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Normalising Anger

We don't all agree that anger can be both harmful and helpful so I'm going to make my case.

Anger is a normal response to threat and injustice, real and perceived.

Useful, functioning anger will increase awareness of your surroundings. It will make you more alert of your body, those around you, and your environment, so that you can react to the approaching threat.

In the moment it can feel good. We feel powerful and confident.

On the flip side.

Later that can erode into guilt and shame as the angry feelings fade.

The further you reach into anger the less reliable your decisions will be. It's meant to be a temporary, emergency measure.

Making decisions from a place where everything looks like a threat is never going to produce a well balanced or reasoned decision.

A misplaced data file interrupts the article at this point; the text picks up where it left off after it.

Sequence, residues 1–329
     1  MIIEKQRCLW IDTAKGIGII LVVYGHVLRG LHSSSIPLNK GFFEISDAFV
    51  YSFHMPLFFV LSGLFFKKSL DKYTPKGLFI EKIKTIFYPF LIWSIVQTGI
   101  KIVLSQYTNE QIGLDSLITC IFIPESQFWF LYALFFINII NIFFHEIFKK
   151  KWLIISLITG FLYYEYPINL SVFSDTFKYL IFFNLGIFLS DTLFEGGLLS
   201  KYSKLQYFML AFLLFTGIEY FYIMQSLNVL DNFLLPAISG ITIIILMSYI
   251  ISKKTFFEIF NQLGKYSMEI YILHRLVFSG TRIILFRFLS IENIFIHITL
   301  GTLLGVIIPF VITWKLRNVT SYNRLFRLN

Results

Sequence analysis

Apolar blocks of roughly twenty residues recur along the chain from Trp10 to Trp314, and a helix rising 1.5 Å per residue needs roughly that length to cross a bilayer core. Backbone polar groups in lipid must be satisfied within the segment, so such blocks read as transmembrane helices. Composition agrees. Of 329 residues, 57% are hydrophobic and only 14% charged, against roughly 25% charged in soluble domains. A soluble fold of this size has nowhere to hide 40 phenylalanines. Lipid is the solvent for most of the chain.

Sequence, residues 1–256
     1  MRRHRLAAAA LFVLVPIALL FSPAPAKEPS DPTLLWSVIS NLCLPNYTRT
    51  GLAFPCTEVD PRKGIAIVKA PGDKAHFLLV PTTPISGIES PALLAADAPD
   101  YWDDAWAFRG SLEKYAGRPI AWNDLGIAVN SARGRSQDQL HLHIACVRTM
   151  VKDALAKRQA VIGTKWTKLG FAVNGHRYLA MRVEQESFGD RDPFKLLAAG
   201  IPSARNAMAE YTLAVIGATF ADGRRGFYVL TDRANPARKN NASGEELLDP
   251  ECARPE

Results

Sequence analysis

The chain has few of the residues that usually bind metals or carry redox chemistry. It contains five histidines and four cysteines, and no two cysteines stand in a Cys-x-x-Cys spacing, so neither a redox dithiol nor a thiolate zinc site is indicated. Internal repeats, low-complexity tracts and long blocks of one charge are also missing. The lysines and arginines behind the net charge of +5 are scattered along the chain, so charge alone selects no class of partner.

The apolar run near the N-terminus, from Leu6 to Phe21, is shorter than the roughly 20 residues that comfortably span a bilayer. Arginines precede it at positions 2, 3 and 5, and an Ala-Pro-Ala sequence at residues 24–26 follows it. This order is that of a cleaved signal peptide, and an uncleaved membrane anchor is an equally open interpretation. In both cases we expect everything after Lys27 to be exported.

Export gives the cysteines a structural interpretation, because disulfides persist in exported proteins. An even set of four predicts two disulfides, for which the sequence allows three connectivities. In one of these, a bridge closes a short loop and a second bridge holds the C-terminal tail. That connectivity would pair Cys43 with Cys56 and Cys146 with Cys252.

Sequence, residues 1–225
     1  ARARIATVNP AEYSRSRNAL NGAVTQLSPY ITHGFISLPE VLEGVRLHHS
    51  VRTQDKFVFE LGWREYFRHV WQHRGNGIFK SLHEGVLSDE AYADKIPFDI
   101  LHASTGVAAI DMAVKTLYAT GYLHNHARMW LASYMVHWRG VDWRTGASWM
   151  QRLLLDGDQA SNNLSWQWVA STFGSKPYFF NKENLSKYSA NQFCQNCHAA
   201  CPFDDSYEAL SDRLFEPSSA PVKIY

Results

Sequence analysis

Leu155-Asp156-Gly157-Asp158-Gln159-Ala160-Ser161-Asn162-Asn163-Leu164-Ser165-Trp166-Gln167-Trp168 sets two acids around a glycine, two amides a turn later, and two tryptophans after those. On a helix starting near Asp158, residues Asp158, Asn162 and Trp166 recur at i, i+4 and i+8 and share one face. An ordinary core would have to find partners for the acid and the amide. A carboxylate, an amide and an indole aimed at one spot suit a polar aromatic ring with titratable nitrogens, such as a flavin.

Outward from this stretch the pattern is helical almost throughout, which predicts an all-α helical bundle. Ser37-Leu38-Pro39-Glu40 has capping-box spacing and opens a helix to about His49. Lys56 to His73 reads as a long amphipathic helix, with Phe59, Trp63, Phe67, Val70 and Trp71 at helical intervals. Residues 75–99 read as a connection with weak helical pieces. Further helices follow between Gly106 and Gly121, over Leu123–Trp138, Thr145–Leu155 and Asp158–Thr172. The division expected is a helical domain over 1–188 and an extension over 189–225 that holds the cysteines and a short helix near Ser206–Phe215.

Holding onto anger long term hurts your physical health, raising blood pressure, creating digestive issues plus the complications this brings.

So why do we?

Anger, like anxiety, is one of the emotions that we don't teach our children to manage. Anger is labelled as naughty, selfish, tiresome and embarrassing, amongst others. How different would our culture be if we could normalise a throw down in a supermarket by getting on the floor with the kid and having a moment to recognise that yeah, this sucks, chores suck, there isn't enough playing in the day and it doesn't seem fair to push past all the bright stuff and not have it all, right now.

Because we don't get taught how to verbalise and metabolise these difficult emotions, most of us have had to make it up as we go along. Most wouldn’t know what to teach a toddler, and honestly, not many adults are very good at letting these emotions fully go.

Effective anger release is a really important skill to learn.